By 8PM I failed to land a fish, but I was content to give my son first shot at quality spots. I had my fill of fishing success during my recent road trip, and I was genuinely content to enjoy the cool evening, while Dan took advantage of some sorely needed mountain time. I was now above the bridge in an area with numerous huge boulders and below a nice smooth pool. Dan approached from below and executed some nice casts to the lower portion of the run, where the creek swirled around several large exposed boulders. I suspected that the fish in this area inhabited the narrow lanes, where the current passed between the three large boulders, so I lobbed the dry/dropper to the current seam above rock number two. I could barely see the chartreuse indicator on the foam ant, and then it disappeared in a bulge, and I raised my arm and felt a connection to a nice eleven inch rainbow. Although I was content to be an observer, I must admit I was surprised and pleased to notch a fish on the scoreboard.
As darkness slowly descended, Dan and I migrated to the tail of the long and popular pool a bit upstream. Other anglers vacated the popular spot, so I assumed a position near the tail. A jumble of long logs angled across the stream bed to create the lower pool, and just above them a huge area of foam suspended between the logs and the bank. I paused to observe, and I was pleasantly surprised to note three subtle rises just above the foam. One exposed boulder was positioned fifteen feet above the foam patch, and suddenly another rise appeared five feet below it. I followed the path of the feeding fish, and noticed a very respectable rainbow, as it settled back along the sandy bottom.
The Chernboyl and caddis pupa were still on my line, so I delivered five drifts over the upper fish below the rock, but the target displayed no evidence of interest in the Chernobyl or pupa. I elected to reconfigure to a dry fly, but before doing so, I caught Dan’s attention and invited him to join me. Upon his arrival, I pointed out the rising fish, and he began the task of converting to a single caddis as well. Just enough light remained to allow me to thread the leader through the eye of a small size 18 caddis adult, and I was finally in a position to cast, while Dan continued his conversion.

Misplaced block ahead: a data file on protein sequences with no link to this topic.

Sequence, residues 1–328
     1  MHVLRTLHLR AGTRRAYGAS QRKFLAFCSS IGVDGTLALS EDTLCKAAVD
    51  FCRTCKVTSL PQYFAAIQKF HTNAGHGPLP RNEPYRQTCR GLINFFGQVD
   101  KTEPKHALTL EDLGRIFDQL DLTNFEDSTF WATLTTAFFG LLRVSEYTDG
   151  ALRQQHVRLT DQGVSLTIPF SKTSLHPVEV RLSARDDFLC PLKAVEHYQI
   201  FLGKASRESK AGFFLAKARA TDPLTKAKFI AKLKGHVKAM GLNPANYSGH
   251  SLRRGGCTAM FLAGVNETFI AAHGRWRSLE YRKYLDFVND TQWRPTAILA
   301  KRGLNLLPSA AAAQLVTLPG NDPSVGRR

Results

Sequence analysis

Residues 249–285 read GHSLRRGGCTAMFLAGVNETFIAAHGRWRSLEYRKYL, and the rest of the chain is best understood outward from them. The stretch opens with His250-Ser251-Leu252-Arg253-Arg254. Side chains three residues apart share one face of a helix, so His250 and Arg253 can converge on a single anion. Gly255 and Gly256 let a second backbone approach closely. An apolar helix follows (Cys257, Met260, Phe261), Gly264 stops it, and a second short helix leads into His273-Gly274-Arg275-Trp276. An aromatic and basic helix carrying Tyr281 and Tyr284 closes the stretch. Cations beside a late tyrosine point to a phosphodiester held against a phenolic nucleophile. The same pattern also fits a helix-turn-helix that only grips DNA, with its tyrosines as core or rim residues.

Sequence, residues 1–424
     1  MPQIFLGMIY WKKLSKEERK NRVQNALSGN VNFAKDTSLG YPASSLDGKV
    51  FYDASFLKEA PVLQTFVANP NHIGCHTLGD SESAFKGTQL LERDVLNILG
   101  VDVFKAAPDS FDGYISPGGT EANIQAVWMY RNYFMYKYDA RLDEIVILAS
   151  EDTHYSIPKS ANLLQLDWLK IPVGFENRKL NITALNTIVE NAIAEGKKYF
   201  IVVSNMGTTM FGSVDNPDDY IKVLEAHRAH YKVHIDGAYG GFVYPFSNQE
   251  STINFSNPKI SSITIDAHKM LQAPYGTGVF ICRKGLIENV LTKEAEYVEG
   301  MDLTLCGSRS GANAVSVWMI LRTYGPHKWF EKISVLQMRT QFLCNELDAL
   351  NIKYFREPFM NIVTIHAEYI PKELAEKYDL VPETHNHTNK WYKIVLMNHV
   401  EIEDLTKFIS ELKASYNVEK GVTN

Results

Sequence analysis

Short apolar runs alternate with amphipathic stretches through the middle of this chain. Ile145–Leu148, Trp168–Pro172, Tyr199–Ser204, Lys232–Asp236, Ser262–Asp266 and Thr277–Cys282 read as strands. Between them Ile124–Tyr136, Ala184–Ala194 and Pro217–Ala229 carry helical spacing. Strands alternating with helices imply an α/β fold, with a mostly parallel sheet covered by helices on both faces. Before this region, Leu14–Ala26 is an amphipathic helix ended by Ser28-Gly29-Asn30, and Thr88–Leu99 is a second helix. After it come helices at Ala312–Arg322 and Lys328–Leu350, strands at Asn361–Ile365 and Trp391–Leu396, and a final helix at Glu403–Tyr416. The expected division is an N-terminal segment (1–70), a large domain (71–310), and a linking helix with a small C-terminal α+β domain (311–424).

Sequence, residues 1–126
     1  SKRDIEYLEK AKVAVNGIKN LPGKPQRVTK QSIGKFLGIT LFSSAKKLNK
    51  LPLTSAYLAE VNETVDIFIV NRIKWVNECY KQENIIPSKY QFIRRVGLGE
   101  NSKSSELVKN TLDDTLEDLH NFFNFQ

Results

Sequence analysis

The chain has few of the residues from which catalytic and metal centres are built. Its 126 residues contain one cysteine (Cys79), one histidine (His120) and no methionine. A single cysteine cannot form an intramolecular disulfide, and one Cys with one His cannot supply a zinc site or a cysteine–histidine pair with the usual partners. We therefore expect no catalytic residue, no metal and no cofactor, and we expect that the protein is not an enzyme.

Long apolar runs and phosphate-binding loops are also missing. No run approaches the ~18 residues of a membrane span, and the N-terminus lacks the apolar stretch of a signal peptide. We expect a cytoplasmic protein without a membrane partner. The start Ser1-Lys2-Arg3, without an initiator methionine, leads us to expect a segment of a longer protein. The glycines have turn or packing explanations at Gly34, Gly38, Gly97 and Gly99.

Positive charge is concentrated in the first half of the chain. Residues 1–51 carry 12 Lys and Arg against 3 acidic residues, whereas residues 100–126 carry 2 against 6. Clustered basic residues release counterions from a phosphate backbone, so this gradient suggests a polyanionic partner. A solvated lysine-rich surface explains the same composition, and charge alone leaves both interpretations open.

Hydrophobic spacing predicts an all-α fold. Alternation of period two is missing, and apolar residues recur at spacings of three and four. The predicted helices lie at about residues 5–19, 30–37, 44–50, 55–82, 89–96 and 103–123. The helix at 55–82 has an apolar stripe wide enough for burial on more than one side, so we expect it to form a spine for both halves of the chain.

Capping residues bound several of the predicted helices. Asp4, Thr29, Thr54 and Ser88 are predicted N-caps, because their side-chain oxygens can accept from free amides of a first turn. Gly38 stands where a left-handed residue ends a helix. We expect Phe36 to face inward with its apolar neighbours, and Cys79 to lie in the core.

The scene that ensued was an example of why I love fly fishing. I made three downstream drifts toward the fringe of the foam patch, where I observed several rises earlier. I was having difficulty locating the small tuft of deer hair in the waning light, but on the third cast I picked it up quite clearly. I checked my fourth cast high and the deer hair caddis fluttered down in the subtle current seam above the foam, and a foot above the white blanket of bubbles a mouth appeared and gulped down my impostor. Dan saw the entire episode develop, and I quickly lifted my arm and connected with an eleven inch cutbow. The South Boulder Creek gem displayed a brilliant crimson cheek and a pink-red stripe, and it was truly a jewel in the wild.
I released my prize, and Dan was now prepared to prospect the area of rising fish with his caddis. He demonstrated some excellent casts and drifts and extracted two aggressive surface feeders from the area. The trout were quite diminutive, but he was nonetheless pleased to earn a level of success, as darkness rapidly descended. We expected to quit at 8:30, but 9PM found us returning on the path to cross at the wide section, and then we warmed ourselves with a steady ascent of the steep path to the parking lot.
Dan and I both enjoyed 2.5 hours of evening fishing on Thursday, and a couple wild trout were icing on the cake. A ninety degree day transformed into a pleasant cool evening, and we both gained insight on fishing South Boulder Creek at elevated flows. Best of all I spent a few precious hours with my son, and I always treasure such an occasion.
Fish Landed: 2